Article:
Japan is bracing itself for a nuclear meltdown after another explosion occurred at a nuclear power plant, triggered by the worst earthquake in the country’s history.
The damage bill of the disaster is expected to reach $US100 billion, while more than 500,000 people are thought to be homeless and 10,000 killed.
One of the hardest hit regions, Sendai, is a major rice growing region and also plays host to several chip and auto manufacturers, prompting fears gadget makers and the consumer electronic industry will suffer from the disaster.
Nomura economists predict annual profits for auto manufacturers Toyota, Honda and Nissan could be hit by between 3% and 8% this year, with Toyota and Nissan already halting production.
Australian consumers have already been told to prepare for short-term rises to car prices and household appliances, in addition to insurance premium hikes.
Australian companies are struggling to come to grips with the disaster, with Austrade chief economist Tim Harcourt saying it’s still too early to assess the economic and trade impact.
Harcourt says about 3,300 Australian businesses export to Japan, with trade ties worth about $59 billion each year, making it Australia’s second-largest trading partner after China.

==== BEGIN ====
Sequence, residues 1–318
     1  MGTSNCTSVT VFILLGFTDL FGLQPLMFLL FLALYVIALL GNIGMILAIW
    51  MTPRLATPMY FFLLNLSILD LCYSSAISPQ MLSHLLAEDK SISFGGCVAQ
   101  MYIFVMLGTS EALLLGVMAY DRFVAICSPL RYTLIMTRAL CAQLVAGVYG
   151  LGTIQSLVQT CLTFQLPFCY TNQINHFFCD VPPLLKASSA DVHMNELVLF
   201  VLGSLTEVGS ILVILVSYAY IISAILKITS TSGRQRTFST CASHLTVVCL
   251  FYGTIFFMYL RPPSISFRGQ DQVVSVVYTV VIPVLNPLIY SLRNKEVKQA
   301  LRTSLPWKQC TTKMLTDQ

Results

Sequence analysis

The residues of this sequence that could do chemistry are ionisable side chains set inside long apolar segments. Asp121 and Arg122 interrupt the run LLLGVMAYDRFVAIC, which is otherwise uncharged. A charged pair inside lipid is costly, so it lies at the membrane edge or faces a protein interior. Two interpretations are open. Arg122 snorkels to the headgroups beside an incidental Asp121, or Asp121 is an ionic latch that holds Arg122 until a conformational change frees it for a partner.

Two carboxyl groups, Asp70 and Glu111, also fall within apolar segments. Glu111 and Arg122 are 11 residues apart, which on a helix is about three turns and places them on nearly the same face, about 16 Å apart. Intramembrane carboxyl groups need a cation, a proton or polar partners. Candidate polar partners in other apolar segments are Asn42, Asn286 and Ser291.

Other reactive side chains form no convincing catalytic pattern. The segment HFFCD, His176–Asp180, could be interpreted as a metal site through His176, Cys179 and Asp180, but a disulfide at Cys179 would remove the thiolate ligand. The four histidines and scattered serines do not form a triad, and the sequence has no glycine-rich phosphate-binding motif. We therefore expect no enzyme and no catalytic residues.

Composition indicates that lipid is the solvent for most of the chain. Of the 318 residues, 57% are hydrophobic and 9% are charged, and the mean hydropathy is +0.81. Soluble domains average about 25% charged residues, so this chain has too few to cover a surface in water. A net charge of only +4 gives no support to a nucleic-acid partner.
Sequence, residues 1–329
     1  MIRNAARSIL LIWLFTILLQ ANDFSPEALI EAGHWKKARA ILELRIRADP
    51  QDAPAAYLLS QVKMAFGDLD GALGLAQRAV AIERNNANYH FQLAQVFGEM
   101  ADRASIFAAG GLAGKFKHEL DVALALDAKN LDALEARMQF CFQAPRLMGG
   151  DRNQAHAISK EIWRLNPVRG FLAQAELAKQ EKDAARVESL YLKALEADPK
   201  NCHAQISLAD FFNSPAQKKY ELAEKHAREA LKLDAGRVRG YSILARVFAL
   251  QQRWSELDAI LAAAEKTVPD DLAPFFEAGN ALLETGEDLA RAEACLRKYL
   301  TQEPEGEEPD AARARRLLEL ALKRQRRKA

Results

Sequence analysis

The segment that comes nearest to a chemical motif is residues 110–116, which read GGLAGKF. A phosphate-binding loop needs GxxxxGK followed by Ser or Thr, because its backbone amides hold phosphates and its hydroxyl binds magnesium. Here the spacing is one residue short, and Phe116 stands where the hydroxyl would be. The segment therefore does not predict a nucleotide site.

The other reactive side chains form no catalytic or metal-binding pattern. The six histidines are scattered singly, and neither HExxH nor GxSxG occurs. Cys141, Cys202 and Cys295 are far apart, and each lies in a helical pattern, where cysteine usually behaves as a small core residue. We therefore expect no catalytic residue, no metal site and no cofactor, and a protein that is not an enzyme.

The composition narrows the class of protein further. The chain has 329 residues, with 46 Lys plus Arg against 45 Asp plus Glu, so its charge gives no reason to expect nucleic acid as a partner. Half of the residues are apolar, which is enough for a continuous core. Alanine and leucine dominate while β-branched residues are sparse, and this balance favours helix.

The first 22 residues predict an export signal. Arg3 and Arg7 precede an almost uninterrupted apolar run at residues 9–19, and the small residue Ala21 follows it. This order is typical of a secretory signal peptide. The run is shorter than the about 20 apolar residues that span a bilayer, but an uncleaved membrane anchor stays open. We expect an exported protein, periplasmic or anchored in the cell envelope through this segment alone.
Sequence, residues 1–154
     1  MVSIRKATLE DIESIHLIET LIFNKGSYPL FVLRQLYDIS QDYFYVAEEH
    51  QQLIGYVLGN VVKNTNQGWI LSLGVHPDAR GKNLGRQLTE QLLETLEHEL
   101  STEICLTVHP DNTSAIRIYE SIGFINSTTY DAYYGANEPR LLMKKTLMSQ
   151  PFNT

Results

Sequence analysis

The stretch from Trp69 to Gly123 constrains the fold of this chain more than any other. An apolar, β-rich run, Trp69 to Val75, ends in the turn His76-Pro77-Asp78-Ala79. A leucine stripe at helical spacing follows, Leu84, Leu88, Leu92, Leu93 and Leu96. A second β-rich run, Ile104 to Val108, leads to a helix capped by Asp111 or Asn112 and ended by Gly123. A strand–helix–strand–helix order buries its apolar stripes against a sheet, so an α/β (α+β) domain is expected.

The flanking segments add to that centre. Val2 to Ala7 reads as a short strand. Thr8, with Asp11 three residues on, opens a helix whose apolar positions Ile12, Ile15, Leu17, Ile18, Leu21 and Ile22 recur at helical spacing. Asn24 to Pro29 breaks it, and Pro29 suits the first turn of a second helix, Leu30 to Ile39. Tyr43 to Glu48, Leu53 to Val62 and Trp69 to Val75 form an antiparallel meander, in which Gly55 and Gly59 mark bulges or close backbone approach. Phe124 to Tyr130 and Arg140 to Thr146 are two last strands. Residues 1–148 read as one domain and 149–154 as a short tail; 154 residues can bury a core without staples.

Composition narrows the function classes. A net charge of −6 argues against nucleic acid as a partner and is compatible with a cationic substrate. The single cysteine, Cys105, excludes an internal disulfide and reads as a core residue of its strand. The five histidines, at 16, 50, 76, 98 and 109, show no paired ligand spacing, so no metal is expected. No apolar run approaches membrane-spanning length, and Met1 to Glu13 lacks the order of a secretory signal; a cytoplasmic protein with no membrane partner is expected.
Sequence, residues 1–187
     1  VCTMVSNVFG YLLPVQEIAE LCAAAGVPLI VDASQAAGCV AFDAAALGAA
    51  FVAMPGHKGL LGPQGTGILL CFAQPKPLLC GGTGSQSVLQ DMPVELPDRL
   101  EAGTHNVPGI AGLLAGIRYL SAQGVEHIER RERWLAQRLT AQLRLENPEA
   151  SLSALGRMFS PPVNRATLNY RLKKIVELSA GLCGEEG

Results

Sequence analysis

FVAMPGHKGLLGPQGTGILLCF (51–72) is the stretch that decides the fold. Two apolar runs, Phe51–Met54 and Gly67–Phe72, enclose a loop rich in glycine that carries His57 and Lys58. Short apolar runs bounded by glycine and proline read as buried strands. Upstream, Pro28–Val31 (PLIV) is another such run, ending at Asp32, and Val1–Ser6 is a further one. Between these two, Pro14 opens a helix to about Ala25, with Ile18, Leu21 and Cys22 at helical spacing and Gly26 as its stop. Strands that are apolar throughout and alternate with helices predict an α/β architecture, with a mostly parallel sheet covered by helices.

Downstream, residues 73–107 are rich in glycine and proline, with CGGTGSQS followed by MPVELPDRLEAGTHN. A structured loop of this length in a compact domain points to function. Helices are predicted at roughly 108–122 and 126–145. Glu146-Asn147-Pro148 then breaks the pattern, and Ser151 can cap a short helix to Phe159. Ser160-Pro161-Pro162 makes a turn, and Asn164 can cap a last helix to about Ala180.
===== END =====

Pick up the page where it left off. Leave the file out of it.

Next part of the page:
Australian embassy officials have confirmed the safety of more than 2,200 Australians in Japan registered with the embassy, but are still searching for more than 800 Australians yet to make contact.
Harcourt says given the huge scale of the human tragedy, the Australian Government is currently focusing its efforts on the humanitarian effort.
As major food and energy exporters, Harcourt says Australian companies will play an important role in the country’s reconstruction.
Meanwhile, sharemarkets across the world have tumbled, with the benchmark Nikkei index falling by 5% this morning, while Wall Street and European markets fell overnight as news of the disaster spread.
Demand for Australia’s key exports to Japan – namely coal, iron ore and liquefied natural gas – is set to rise in the wake of the disaster, with prices to benefit from pressure on supply.
Analysts are widely tipping the LNG sector to receive the biggest lift from the disaster, as Japan may increase gas-fired power stations following the explosions at the Fukushima nuclear plant.
Australia’s coal sector is also set to benefit, with demand for thermal coal likely to increase in the short-term and coking coal in the long-term, when the reconstruction effort commences.